copyright ©2005 by Durs Grunbein / Translation and preface copyright © 2005 by Michael Hofmann


Being a dog is an empty car park at noon.
“Nothing but trouble …” and seasickness on land.
Being a dog is that and that, taking instruction from garbage heaps,
A knuckle sandwich for dinner, mud orgasms.
Being a dog is whatever happens next, randomness
The mother of boredom and incomprehension.
Being a dog is being up against a bigger opponent
Time, which does you in with endless chain-links.
So much of too-much in a tiny space …
Being a dog is a ride on the ghost train of language,
Which keeps throwing clever obstructions your way.
Being a dog is having to when you don’t want to, wanting to
When you can’t, and always somebody watching.
Being a dog?
It’s the bad smell attaching to your words.

Notes on the Poem

Michael Hofmann translates and brings alive anew many vivid phrases, images and sensations in this excerpt from German poet Durs Grunbein's poem "Portrait of the Artist as a Young Border Dog (Not Collie)". Would it be fair to assume that the intense cumulative effect of this poem accurately reflects the sentiments Grunbein strove to convey in the original, which is possibly inspired by his early upbringing in East Germany before the fall of the Berlin Wall? Let's revisit this poem and consider this question again. Grunbein, with Hofmann translating, uses a confined and probably abused dog as a central metaphor for the narrator's feelings of frustration and powerlessness at being severely constrained. "[A]n empty car park at noon" is a lonely, barren, lifeless place. "[S]easickness on land" suggests disorientation, queasiness and even a sense of betrayal, not feeling stable or secure when you believe you should be able to trust your surroundings. "A knuckle sandwich for dinner" captures both violence and deprivation ... and it gets more bewildering and oppressive with each successive line. The phrase "endless chain-links" is likely both metaphorical and literal, in the world in which Grunbein lived until Germany was reunified when he was 27. Interestingly, one analogy is leavened with a trace of ambiguity that actually makes it almost hopeful compared to all the others: "Being a dog is whatever happens next" Never knowing what happens next, subject to fate's vagaries and the cruelties of an unrelenting oppressor ... yes, but could this also suggest that the dog and/or Grunbein was living in and for the moment? Does this perhaps give a clue to how Grunbein personally survived the tyranny that informed his early upbringing? Enjoy this collection of pieces about Durs Grunbein and his poetry collection Ashes for Breakfast (from which this poem excerpt is taken). You'll find here some interesting insights into the poet and his translator, whose potent collaboration has made a work powerful in not one, but two languages.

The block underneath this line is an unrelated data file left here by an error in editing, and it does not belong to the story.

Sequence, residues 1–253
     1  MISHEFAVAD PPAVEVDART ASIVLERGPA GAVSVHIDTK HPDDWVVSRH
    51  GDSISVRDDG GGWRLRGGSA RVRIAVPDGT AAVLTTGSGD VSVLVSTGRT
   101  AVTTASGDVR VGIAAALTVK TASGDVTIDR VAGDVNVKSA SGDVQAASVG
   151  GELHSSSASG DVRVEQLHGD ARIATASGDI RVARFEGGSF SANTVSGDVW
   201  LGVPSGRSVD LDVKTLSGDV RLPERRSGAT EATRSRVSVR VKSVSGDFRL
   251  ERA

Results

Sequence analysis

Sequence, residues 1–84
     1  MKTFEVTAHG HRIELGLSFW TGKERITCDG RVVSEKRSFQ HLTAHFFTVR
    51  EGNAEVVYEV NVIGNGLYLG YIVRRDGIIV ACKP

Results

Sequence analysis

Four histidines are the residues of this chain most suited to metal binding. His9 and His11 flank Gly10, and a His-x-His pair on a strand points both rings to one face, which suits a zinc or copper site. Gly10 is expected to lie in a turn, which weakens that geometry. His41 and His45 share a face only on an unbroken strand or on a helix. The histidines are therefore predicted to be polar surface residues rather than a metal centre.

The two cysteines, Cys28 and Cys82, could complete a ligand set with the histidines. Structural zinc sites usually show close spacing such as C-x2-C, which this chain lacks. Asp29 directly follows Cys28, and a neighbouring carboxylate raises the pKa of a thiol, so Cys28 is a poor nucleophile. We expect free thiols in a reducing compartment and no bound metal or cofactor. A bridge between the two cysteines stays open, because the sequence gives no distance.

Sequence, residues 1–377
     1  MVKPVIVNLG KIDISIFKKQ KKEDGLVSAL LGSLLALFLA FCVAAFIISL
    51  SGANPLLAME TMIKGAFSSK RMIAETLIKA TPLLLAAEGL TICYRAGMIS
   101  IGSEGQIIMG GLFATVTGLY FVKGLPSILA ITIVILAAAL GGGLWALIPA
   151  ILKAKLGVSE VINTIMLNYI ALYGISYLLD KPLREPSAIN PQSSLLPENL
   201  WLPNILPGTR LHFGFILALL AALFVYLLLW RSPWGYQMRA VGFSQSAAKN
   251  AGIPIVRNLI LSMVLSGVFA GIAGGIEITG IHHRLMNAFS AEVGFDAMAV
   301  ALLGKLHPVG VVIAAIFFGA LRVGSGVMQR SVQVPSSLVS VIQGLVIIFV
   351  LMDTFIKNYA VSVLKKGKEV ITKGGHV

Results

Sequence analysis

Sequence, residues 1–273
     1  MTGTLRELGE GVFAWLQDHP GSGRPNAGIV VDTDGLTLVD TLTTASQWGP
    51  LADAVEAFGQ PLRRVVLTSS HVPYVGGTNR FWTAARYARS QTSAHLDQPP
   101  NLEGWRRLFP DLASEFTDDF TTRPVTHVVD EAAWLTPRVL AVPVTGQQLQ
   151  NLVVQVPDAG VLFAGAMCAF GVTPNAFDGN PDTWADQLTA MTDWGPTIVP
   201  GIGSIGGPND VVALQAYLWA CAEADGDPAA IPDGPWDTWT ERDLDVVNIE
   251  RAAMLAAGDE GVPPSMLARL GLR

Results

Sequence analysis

sister from the future

by Leslie Greentree

copyright ©2003, Leslie Greentree

she left for Australia a couple of years ago
with five hundred bucks and a backpack
she picked fruit    drove truck    tended bar
did a stint washing paintbrushes for an artist
eventually posing for him while his wife baked gingersnaps
her gift is that the wife didn’t mind
couldn’t blame her husband for wanting to sketch
the beautiful sister    was a bit in love herself

she called us Christmas Day
I held the phone between ear and shoulder
as I peeled potatoes and checked the turkey
it was Boxing Day in Melbourne
how Star Trek I said
I was laughing until my husband rolled his eyes
and then I stopped
chopped the potatoes with short hard strokes

I thought how fitting it was
to speak to the beautiful sister from the future
I asked her for an inside tip    tomorrow’s lottery numbers
thought maybe I would throw these fucking potatoes
in the garbage or better yet just leave them
on the counter to brown and rot
walk out the door jump on a plane
get the hell out of here

Notes on the Poem

Isn't it interesting when a poem provokes an unrelated thought that ends up being kind of related after all? Follow along with your humble Poem of the Week taker of notes and see how that happened with "sister from the future" from Leslie Greentree's 2004 Griffin Poetry Prize shortlisted collection go-go dancing for Elvis. Greentree's narrator is preparing dinner on December 25th / Christmas Day (in Canada, we assume) when she receives a phone call from her sister, who is in Australia and already enjoying the next day, December 26th / Boxing Day. (Boxing Day is observed in the United Kingdom and in countries historically connected to the UK.) In essence, Greentree's narrator is living in the present, but in her sister's past, but her sister is living in the narrator's future. Star Trek, indeed! Not only is the sister calling from the future, but it sure sounds like she's been having fun and making adventures out of what would be mundane if she wasn't out there in Australia, in the future. The future sounds perfect, in fact - doesn't it? That's when this Poem of the Week taker of notes starting thinking about verb tenses, as one does. The future perfect, to be precise: a verb tense used for actions that will be completed before some other point in the future. Neither the present nor the future seem perfect in the narrator's tense (see what we did there?) kitchen ... "I was laughing until my husband rolled his eyes and then I stopped chopped the potatoes with short hard strokes" followed quite vehemently by ... "thought maybe I would throw these fucking potatoes in the garbage" That "would" gives pause, however. Will she or won't she throw those potatoes - and everything they symbolize - in the garbage? This thorough breakdown of "will" and "would" - not to mention the coupling with "maybe" - suggests that the disgusted disposal of the potatoes might be hypothetical and might not really happen. But that tentative "would" is followed by further mounting anger, so maybe (maybe!) the potential and blithe optimism of the future in which her sister basks gives this narrator the will (the noun, but also the verb!) to toss away her tense present.